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Investor grievances against US executive salaries have hit record highs


Investor grievances over executive salaries have reached an all-time high as fury deepens over packages rewritten during the epidemic to make it easier for CEOs to earn tens of millions of dollars.

Haliburton became the 13th S&P 500 company this year to garner less than 50 percent of its annual vote support, according to data provider ISS Corporate Solutions.

The list of failures in 2021 is the highest number since the non-binding votes of executives were required by the Dodd-Frank 2010 Financial Reform Act. S&P 500 Twelve companies failed such “paid” votes in 2020.

As more than a third of S&P 500 companies plan to hold shareholders’ meetings weeks in advance, the number of failed bonus votes is expected to increase.

“It is quite possible that this year we will be able to reach 20 failed votes,” said Brian Onson, CEO of ISS Corporate Solutions.

Although votes are not required, shareholders’ dissatisfaction with their salaries cannot be easily removed. Companies that do not pay for voting tend to underperform, Morgan Stanley said in a May 21 report. “The failed ballots during 2015-2019 were a significant red flag for underperforming the stock price,” the bank said.

This year’s rebellion against bonuses is largely driven by the 2020 council’s decision to rewrite long-term incentive programs to make performance goals easier.

Last year, companies shut down operations, laid off workers, and boards of hundreds of companies relaunched bonus plans to exclude the worst months of the economic downturn from the bonus benchmark or to add new bonuses to weaken the stock price shock.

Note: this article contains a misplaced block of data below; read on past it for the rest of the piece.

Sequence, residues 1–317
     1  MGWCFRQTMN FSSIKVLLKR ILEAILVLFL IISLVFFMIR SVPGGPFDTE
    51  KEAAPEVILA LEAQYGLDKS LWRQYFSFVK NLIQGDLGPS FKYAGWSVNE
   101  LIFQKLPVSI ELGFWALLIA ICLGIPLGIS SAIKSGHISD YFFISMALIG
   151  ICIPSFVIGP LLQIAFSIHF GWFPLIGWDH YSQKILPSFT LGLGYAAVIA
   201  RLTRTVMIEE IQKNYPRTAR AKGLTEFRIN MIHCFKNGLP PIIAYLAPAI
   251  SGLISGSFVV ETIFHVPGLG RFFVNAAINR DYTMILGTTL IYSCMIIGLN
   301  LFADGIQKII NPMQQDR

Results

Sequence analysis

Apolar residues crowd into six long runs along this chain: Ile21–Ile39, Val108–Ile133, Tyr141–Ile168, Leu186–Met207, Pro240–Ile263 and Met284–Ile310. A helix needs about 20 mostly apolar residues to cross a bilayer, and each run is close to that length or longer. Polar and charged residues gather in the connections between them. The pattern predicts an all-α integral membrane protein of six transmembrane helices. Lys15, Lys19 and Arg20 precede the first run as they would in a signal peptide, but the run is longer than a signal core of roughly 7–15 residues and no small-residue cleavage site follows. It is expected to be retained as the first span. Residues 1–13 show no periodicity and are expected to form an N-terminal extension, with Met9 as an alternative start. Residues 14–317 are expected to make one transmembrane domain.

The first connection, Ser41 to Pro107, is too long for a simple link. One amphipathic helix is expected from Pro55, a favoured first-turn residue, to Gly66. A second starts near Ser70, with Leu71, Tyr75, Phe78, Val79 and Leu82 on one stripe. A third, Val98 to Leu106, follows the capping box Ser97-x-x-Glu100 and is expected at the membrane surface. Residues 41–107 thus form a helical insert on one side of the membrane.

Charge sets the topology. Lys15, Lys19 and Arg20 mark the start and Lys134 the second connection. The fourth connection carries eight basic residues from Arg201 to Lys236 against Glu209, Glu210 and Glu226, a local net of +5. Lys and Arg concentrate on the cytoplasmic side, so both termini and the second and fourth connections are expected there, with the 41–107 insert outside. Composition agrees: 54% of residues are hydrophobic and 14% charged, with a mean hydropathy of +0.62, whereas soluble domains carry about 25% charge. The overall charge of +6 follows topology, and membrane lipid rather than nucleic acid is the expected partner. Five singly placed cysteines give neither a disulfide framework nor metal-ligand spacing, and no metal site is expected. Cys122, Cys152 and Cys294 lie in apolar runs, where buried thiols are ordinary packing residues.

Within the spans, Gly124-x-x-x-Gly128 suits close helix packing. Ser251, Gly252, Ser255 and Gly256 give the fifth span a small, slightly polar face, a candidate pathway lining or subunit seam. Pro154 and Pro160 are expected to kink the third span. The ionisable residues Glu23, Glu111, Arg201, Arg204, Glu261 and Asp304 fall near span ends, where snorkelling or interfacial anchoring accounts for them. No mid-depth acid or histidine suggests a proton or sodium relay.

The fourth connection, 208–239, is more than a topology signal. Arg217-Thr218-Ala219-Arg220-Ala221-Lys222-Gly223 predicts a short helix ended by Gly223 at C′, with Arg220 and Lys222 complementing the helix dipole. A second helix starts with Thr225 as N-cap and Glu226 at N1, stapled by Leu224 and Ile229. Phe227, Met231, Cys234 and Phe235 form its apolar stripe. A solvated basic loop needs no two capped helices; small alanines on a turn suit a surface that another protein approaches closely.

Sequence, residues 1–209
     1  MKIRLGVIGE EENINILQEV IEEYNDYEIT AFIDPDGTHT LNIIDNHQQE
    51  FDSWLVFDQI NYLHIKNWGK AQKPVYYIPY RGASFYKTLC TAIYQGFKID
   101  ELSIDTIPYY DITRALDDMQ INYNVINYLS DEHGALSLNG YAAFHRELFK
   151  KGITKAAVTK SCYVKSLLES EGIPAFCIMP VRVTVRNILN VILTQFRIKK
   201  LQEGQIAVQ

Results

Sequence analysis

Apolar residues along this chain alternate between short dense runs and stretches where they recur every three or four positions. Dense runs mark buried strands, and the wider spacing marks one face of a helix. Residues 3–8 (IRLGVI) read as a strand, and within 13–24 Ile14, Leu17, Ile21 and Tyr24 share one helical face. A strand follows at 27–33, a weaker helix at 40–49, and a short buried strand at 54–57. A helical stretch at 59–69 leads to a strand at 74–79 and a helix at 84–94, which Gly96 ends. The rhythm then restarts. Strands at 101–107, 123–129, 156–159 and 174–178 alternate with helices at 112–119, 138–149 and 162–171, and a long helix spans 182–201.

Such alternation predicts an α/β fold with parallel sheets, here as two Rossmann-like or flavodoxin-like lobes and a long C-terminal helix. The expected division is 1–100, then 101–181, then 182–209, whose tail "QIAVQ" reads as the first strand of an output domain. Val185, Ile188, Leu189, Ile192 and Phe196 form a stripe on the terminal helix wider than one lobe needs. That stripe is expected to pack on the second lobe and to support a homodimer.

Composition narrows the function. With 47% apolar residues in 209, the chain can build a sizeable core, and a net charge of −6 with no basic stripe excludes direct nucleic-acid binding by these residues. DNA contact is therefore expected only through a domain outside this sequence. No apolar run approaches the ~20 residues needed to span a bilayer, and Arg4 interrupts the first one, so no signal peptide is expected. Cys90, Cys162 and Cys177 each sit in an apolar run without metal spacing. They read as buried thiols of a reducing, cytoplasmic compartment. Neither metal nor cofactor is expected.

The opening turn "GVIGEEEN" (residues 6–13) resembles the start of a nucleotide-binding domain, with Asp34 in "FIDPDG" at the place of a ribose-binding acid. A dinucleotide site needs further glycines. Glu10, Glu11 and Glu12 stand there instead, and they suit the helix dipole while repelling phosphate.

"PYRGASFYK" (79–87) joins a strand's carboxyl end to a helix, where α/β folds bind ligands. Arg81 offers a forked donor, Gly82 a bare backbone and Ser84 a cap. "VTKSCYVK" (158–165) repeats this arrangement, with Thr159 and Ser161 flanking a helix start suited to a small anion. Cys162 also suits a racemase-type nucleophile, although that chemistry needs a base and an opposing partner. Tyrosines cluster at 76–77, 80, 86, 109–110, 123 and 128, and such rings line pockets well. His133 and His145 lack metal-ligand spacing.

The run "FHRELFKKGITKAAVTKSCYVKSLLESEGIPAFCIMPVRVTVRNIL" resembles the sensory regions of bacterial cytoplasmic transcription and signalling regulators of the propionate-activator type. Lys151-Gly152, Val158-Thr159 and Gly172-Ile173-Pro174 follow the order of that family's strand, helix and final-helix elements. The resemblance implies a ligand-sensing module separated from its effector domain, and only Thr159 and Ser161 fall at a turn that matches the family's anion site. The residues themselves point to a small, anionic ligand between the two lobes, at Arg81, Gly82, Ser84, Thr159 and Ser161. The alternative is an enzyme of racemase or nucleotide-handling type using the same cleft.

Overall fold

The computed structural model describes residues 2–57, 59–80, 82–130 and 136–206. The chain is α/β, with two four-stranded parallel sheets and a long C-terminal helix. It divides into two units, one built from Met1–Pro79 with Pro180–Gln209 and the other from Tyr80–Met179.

Salary committee members had to look at 2020 as “almost a two-period history,” said Betsy Atkins, a former chief executive who sits on several boards, including Wynn Resorts and SL Green.

“It was January-February, when the annual program was approved, everything looked normal or strong, and then there was an epidemic,” he said. The committees he serves on encourage managers to give up part or all of their salary in part to “extend the cash flow” when companies’ prospects were deeply uncertain.

But other payment plans were pushed to the usual extravagance. Intel, which failed its payroll vote earlier this month, has offered new CEO Pat Gelsinger a $ 110 million payroll package, according to Morgan Stanley.

The salary support of Starbucks executives fell to 47.5% from 84.5% last year. CEO Kevin John Onson has received two special bonuses in recent years, with a maximum of $ 50 million being criticized for being too big, says Morgan Stanley.

Failed payroll votes show a change in the attitude of the world’s largest asset managers. BlackRock, Vanguard և State Street reported that they voted against some companies that did not pay for the vote this year. For example, State Street voted against Starbucks this year after supporting it in 2020.

“Especially this year we saw a sharp shift. “Larger asset managers were more assertive, realizing that silent, behind-the-scenes engagement is not the only tool in the toolbox,” said Richard Fields, a partner at King Law Firm. & Spalding “The sleeping giant woke up.”



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